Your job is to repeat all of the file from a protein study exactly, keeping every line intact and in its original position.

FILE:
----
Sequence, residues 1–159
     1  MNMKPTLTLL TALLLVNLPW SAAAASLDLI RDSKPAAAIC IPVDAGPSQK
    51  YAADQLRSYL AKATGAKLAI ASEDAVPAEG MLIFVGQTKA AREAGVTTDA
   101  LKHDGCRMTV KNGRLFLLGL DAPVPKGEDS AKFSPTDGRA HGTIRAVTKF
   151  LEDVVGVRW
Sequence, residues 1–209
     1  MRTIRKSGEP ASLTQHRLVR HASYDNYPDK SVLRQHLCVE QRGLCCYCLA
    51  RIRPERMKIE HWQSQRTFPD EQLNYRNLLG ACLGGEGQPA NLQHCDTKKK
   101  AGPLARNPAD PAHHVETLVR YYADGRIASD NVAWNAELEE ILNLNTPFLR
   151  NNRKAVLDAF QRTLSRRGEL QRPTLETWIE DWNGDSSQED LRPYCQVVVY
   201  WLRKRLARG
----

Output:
Sequence, residues 1–159
     1  MNMKPTLTLL TALLLVNLPW SAAAASLDLI RDSKPAAAIC IPVDAGPSQK
    51  YAADQLRSYL AKATGAKLAI ASEDAVPAEG MLIFVGQTKA AREAGVTTDA
   101  LKHDGCRMTV KNGRLFLLGL DAPVPKGEDS AKFSPTDGRA HGTIRAVTKF
   151  LEDVVGVRW
Sequence, residues 1–209
     1  MRTIRKSGEP ASLTQHRLVR HASYDNYPDK SVLRQHLCVE QRGLCCYCLA
    51  RIRPERMKIE HWQSQRTFPD EQLNYRNLLG ACLGGEGQPA NLQHCDTKKK
   101  AGPLARNPAD PAHHVETLVR YYADGRIASD NVAWNAELEE ILNLNTPFLR
   151  NNRKAVLDAF QRTLSRRGEL QRPTLETWIE DWNGDSSQED LRPYCQVVVY
   201  WLRKRLARG